An area of low pressure to the east and a ridge of high pressure to the west will funnel cold Arctic air into the UK through the week. This Arctic maritime air will bring frequent showers to coastlines exposed to the northerly wind. These showers will be wintry over high ground in the north and increasingly the east, but perhaps also to lower levels during Wednesday and Thursday.

Away from the showers many of us will see lots of bright sunny weather this week, especially away from the coast. Overnight temperatures are expected to get as low as -4°C in central parts where the skies will remain mostly clear. The lowest overnight temperature so far this Autumn has been -6°C recorded at Braemar on 6 November.

Chief Meteorologist Steve Willington said, “Across the UK people will be feeling some pretty raw conditions as we go towards the start of winter, Thursday will feel especially cold with a biting northerly wind. Many parts of central Britain will have a very bright week with lots of sunshine. However, both east and west coasts will see frequent showers, some of which could be wintry over the hills and maybe down to lower levels by the end of the week in the east. This is exactly the sort of weather we would expect to see as we head into the winter months. The weekend looks to be mostly dry although it will be greyer and feeling slightly milder.”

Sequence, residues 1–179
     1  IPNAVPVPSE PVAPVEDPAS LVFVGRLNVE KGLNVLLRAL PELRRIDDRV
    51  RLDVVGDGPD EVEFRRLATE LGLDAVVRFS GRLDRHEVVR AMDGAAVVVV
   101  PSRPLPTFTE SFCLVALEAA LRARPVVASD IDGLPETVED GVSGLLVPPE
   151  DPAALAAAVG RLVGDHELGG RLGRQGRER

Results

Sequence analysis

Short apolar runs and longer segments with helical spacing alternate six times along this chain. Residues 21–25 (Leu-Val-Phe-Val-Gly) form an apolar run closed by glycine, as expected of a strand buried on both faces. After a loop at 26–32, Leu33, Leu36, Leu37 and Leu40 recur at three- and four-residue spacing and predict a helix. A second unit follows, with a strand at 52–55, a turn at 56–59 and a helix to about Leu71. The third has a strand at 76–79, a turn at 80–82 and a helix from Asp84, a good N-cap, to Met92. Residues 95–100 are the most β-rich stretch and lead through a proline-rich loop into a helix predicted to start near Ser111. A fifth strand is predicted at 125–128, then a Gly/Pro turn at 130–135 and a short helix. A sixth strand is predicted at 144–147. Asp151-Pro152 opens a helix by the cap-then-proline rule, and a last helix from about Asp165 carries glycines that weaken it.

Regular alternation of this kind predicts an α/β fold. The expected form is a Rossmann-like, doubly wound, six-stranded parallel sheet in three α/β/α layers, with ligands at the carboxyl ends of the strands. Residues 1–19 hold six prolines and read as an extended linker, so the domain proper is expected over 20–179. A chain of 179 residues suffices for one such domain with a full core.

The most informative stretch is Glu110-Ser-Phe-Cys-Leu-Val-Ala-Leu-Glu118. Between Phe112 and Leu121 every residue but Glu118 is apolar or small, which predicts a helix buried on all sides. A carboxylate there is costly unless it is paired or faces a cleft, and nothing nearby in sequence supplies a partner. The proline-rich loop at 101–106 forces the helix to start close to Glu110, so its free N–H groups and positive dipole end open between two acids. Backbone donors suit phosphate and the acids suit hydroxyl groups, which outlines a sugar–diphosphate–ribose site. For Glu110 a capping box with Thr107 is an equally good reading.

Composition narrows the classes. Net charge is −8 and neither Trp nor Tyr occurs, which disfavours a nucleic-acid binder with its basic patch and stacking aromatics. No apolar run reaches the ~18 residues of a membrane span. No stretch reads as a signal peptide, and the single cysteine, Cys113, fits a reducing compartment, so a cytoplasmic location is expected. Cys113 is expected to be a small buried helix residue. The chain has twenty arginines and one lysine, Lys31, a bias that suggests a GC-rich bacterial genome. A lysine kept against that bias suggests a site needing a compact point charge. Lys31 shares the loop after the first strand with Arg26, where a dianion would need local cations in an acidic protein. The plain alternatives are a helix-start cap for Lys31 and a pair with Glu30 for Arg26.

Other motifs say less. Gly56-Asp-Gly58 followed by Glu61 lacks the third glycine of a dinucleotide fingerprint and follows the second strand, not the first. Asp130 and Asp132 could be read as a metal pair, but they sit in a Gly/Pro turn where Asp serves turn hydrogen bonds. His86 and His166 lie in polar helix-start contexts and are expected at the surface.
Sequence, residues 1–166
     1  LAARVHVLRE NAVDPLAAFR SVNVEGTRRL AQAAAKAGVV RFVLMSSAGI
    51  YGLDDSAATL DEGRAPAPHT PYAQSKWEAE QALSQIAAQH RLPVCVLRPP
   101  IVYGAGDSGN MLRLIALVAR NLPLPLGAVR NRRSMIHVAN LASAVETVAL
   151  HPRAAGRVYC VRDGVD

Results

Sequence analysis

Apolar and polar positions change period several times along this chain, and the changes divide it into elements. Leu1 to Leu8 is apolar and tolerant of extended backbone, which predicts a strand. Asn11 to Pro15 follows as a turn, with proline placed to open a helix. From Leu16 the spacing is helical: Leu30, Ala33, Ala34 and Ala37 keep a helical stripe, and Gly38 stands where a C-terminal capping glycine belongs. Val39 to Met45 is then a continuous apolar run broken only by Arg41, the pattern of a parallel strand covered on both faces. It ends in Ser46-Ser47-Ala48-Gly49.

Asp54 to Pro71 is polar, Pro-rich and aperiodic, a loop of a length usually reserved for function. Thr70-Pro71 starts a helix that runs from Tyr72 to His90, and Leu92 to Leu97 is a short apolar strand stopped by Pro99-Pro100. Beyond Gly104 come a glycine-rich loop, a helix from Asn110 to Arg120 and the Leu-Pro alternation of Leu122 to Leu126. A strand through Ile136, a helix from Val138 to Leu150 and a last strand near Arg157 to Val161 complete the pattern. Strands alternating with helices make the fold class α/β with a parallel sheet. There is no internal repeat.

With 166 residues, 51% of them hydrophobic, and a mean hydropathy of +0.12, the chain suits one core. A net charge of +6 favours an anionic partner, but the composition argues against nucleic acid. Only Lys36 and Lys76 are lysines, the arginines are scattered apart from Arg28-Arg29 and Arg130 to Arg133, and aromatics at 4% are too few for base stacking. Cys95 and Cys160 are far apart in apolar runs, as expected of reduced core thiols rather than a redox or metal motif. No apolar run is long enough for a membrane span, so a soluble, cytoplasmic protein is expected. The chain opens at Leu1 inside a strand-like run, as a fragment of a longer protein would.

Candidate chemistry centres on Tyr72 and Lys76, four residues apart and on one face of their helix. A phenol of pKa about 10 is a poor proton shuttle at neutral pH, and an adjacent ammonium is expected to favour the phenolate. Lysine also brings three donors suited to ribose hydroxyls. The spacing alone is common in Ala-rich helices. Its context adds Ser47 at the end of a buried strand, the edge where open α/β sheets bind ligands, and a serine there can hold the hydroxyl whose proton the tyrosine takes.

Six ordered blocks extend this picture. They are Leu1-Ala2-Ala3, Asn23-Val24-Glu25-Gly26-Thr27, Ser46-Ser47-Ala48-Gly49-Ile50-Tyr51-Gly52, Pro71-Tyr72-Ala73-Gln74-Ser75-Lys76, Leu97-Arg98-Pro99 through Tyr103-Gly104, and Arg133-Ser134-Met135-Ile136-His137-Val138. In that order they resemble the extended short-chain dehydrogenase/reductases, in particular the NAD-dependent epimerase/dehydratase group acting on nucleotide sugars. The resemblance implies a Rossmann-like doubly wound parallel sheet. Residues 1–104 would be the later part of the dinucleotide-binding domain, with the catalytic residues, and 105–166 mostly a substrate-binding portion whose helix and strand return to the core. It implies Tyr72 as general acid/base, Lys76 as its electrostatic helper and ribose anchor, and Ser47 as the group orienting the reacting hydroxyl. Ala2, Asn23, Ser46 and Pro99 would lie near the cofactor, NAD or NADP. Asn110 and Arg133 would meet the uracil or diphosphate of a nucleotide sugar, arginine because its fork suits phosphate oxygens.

As temperatures fall overnight there is chance of ice in some. A yellow warning for ice has been issued for northern Scotland tonight. Further warnings could be issued through the week, so keep up to date with our Severe Weather Warnings on our website.

Caroline Abrahams, Charity Director at Age UK said “The cold weather is challenging for many older people, particularly if they are coping with ill health or living in housing that costs a lot to heat.

“Exposure to the cold can have a really serious impact on older people because ageing bodies find it harder to adjust to big changes in temperature. For example, the cold raises blood pressure, which in turn increases the risk of a heart attack or stroke, and breathing in cold air can also increase the risk, and impact, of serious illnesses like flu and pneumonia.

“Simple precautions such as wrapping up warm when going outside, sleeping with the windows closed at night and having plenty of hot food and drinks throughout the day can help keep these risks at bay.

“We’d also urge everyone to keep a friendly eye on older relatives, friends and neighbours, especially when the weather is very bad and it’s difficult to get out. Offering to bring in some shopping, or just popping in for a chat and a cup of tea, can be a real help during the long winter months.”

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